The iPhone 6 Plus is at a weird intersection of the Apple line. It’s not quite phone size and it’s not quite an iPad. It feels odd that I can’t run an iPad-only app like OmniGraffle or OmniOutliner on the 6 Plus. Other apps need a lot of attention to work well on the larger screen. My favorite text editor, Editorial, doesn’t work in landscape mode (the keyboard is non-functional) but even if it worked, the interface feels cramped when blown up. (CORRECTION: A delete and reinstall of Editorial fixed the landscape typing. Computers are fun.)
Apps that do work in landscape and scale correctly for the 6 Plus feel great. I’m far more accurate typing on the 5.5 screen in landscape than I am with a 5S. It’s the perfect thumb-typing size and I’m very efficient with it.2
Similar to an iPad, the iPhone 6 Plus will rotate the home screen in landscape mode. The dock is placed on the right side while in landscape. It can also rotate upside down which is nice until I launch an app. Very few apps rotate upside down.
I think there is tremendous opportunity with the 6 Plus to create a new class of device for people that need more than a typical iPhone provides but do not want to carry an iPad or Macbook. This is a size screen for people that live in email or want to do a lot of writing on a bus or plane. Sitting on the couch ready makes me forget how terrible the size is for a phone and makes me appreciate how great it is for a pocket computer.
The buttons on the iPhone 6 Plus feel solid but the clickiness is reduced over previous models. The home button has very little click to it. If you’re into clicks you might not like the 6 Plus buttons as much. I like the feel.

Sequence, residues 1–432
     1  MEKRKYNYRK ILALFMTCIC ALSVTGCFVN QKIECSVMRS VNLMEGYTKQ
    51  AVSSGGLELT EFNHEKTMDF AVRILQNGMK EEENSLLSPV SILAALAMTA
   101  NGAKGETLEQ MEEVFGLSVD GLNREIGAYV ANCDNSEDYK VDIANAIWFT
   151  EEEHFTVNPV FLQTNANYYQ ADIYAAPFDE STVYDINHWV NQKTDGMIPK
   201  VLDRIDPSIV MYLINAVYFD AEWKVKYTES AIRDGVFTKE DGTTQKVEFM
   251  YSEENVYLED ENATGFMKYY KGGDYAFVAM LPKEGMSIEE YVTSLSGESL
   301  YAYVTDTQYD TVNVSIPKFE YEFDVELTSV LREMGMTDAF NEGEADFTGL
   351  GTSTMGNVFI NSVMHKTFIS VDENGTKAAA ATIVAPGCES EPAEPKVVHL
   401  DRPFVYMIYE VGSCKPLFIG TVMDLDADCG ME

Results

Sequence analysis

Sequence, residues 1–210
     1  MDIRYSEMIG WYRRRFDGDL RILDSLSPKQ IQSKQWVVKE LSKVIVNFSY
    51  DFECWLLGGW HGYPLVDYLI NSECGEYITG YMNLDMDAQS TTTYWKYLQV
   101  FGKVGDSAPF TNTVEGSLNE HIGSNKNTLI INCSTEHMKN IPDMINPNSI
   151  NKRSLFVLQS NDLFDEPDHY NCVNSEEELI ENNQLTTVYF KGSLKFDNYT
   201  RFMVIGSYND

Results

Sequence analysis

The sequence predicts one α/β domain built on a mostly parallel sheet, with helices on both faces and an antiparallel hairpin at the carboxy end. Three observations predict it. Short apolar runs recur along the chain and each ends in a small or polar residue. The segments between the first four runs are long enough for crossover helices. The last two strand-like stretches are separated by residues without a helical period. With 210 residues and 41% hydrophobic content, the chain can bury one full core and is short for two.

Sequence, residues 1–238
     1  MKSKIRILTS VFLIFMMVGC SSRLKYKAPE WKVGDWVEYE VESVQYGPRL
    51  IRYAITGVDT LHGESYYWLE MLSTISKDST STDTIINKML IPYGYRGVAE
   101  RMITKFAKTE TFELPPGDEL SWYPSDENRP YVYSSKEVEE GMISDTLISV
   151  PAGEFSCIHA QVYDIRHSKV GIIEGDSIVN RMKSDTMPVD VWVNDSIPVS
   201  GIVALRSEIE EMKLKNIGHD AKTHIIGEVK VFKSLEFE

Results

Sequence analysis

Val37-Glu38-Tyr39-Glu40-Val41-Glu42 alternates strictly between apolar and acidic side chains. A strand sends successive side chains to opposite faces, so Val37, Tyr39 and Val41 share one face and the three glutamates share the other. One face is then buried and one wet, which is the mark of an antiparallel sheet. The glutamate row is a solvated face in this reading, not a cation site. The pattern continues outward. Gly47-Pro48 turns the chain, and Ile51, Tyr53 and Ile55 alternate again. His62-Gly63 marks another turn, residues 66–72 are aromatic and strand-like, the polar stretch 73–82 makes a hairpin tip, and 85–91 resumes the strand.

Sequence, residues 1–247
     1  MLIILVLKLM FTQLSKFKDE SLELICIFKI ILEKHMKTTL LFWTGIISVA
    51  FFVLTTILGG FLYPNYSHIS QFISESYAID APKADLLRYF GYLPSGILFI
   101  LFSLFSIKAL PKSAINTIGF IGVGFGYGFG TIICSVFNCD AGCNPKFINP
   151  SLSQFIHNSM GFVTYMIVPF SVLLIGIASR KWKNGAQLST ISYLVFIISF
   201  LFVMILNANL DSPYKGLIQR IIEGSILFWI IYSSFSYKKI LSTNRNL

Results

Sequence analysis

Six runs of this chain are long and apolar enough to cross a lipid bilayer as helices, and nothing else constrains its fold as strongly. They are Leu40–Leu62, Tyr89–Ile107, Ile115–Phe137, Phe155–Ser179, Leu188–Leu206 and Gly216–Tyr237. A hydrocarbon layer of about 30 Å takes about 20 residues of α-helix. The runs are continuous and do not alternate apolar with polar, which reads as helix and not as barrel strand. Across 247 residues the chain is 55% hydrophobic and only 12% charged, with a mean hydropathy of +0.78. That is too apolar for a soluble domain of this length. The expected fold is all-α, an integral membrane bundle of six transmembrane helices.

I don’t like the new placement of the power button. Apple definitely needed to move the button since it would be too awkward at the top of an enormous phone. However, placing the sleep button opposite a camera shutter control button is a disaster. I lost several great photo opportunities by accidentally hitting the sleep button when trying to gain extra leverage on the shutter control button.
The camera on the 6 Plus is very nice. I had good luck with some low light photos and some action shots at a birthday. I quickly realized that I didn’t enjoy taking photos with the 6 Plus, or at least I was less eager to pull it out for a quick candid shot.
As a dedicated camera, the 6 Plus is great. If I didn’t already own an Olympus OMD, I’d be very happy capturing everything with the iPhone 6 Plus. As it is, I prefer the quality of the shots and comfort of maneuvering the OMD over the 6 Plus.
If you take a lot of photos and video with an iPad, the 6 Plus will feel great. If you love making quick shots with an iPhone 5S then the 6 Plus will feel awkward. I feel like I’m about to drop it every time I try to quickly take a shot with my giant phone.
The battery life on the 6 Plus has been astounding in the short time I’ve used it. I think this is partly due to the large battery and mostly due to having a freshly installed OS and a limited number of apps. Whatever the reasons, I’m getting much more than a full day out of my phone under normal conditions.3